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Mayor, Cops Agree 'There's Not Much We Can Do' About Illegal Fireworks

A new task force will focus on suppliers, but officers on the ground are busy addressing a rise in gun violence, the mayor said.
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fireworks going of in Brooklyn June 20, 2020

The explosion in illegal fireworks continued across the five boroughs this week, setting off car alarms, frightening pets, and keeping anxious residents awake into the early morning hours.

Mayor Bill de Blasio announced a new task force on Tuesday to crack down on suppliers through out-of-state sting operations, but once the fireworks are on the streets and in the hands of residents, there's not much the NYPD is going to do about it, outside of a "life-or-death situation," according to the mayor and police sources.

New Yorkers have placed thousands of 311 calls this month to report the nearly non-stop blasts, a sharp rise over fireworks-related complaints in 2019. In the first three weeks of June alone, residents called 311 more than 8,000 times to report fireworks disturbances. That's more than 300 times the number of complaints received over the same period last year.

The complaints have come in from across the city, with a high concentration in Central and East Brooklyn.

In response, de Blasio announced a task force made up of 10 officers from the NYPD Intelligence Bureau, 12 FDNY Fire Marshals, and 20 officers from the Sheriff's Bureau of Criminal Investigation. The task force will target distributers and suppliers who transport large quantities of fireworks from out-of-state and re-sell them in New York City, where they're illegal.

"The challenge with fireworks is that often young people fire them off and then leave immediately, so it's very hard to find them and address it in real time in a way that would actually make a difference," de Blasio said during the press conference.

Officer Bruno Pierre at the 67th Precinct in East Flatbush echoed the mayor, explaining that cops can't issue a summons unless they catch someone in the act of lighting off fireworks.

"We come, they run," he said. "If you say, there's fireworks going off, by the time we get there there's not much we can do."

But after weeks of protests against police brutality, some residents question whether officers are making a real effort to enforce the anti-fireworks laws.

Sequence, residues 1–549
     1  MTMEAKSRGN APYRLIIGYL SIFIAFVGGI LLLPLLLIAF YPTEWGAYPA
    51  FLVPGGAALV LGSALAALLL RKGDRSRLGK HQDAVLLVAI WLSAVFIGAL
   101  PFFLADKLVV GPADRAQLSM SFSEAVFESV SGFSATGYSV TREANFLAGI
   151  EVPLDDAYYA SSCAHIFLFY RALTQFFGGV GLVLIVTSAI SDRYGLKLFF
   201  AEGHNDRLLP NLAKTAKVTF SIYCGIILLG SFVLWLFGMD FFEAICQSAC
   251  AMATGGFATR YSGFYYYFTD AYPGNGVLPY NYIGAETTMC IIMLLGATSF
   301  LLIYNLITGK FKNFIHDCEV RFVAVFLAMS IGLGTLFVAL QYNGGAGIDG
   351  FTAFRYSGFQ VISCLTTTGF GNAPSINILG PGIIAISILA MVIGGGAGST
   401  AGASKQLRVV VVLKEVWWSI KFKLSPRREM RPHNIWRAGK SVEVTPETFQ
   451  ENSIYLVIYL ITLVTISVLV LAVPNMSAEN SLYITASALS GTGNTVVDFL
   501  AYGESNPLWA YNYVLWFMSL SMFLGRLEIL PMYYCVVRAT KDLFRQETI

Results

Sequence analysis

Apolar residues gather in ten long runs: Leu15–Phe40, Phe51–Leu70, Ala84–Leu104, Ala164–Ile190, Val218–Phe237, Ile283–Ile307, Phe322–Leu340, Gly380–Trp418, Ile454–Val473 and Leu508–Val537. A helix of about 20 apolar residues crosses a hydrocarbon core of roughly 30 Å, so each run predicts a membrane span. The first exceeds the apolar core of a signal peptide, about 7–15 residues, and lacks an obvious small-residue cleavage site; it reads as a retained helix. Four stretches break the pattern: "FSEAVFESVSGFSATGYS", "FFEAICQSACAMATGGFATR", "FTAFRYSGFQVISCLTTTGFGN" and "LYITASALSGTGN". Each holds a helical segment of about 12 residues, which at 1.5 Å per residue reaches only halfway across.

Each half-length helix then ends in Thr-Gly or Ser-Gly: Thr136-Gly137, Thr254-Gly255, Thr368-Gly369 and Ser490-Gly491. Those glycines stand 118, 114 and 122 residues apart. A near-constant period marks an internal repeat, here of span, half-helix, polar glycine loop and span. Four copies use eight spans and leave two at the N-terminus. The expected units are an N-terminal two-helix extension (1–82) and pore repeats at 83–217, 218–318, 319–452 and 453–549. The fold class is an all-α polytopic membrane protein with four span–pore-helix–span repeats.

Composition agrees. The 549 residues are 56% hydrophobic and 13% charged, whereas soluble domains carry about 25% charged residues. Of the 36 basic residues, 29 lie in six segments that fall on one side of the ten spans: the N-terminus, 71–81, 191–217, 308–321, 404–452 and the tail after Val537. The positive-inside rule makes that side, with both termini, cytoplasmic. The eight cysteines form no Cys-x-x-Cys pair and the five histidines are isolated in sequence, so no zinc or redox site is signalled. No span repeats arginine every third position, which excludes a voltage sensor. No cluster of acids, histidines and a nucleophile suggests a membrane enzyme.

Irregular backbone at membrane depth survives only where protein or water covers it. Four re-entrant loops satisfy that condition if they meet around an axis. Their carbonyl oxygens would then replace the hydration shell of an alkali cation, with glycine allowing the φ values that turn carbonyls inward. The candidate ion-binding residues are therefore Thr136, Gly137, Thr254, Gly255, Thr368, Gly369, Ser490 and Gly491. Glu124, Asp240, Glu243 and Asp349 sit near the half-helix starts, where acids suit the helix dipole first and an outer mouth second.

One Twitter user noted on Sunday that the fireworks on her block were coming from a building directly behind the 72nd Precinct in Sunset Park.

"Officers outside seemed completely unbothered by it all," the user tweeted.

Another video shows a line of NYPD vans cruising through Harlem at 3am with their lights and sirens on as fireworks explode all around them.

Asked by a reporter whether, in light of videos like the ones above, officers are being asked to stop the perpetrators or let them go, De Blasio took offense.

"I don't accept this frame of, oh you have a video of one thing that happened and it's just that way. If any NYPD officer thinks something needs to be intervened in, it's part of their professional discretion to make that distinction," the mayor said.

Detective Vincent Martinos of the 71st Precinct in Crown Heights blamed Black Lives Matter protesters for the marked increase in fireworks this year, claiming officers were busy monitoring the protests when they should have been catching people smuggling fireworks into the city.

"All those cops who should have been watching the Jersey, Pennsylvania border were in Manhattan watching the protests," he said.

DCPI, the NYPD's public information office, could not provide information about past fireworks checkpoints and their success at keeping fireworks out.

Martinos also pointed the finger at the recent disbanding of the NYPD's plainclothes unit, a decision that was made due to the unit's outsized involvement in police shootings.

"With no more plain clothes officers to monitor it, you actually need to see someone light it, and a uniformed officer is not going to see that," he said.

Some residents reported hearing fewer fireworks Monday night, but it's unclear if NYPD involvement made the difference.

"We responded to all 311 complaints, as usual," said an officer at the 76th Precinct in Cobble Hill. "If it's still in progress or if it's no longer going on, if we can determine where it's going on, then we issue a citation."

Whether the supplier-focused task force will make a dent in fireworks that are already widely available in the city, including on Craigslist, remains to be seen. De Blasio emphasized that he wants to target the "big fish" not "the kid on the corner," and instead have officers focus on gun violence, which has been rising in the city, with 28 shootings over the weekend.

"I am concerned first and foremost with addressing the shooting problems we're having, that's where the central focus of the NYPD needs to be, on addressing that violence," the mayor said.


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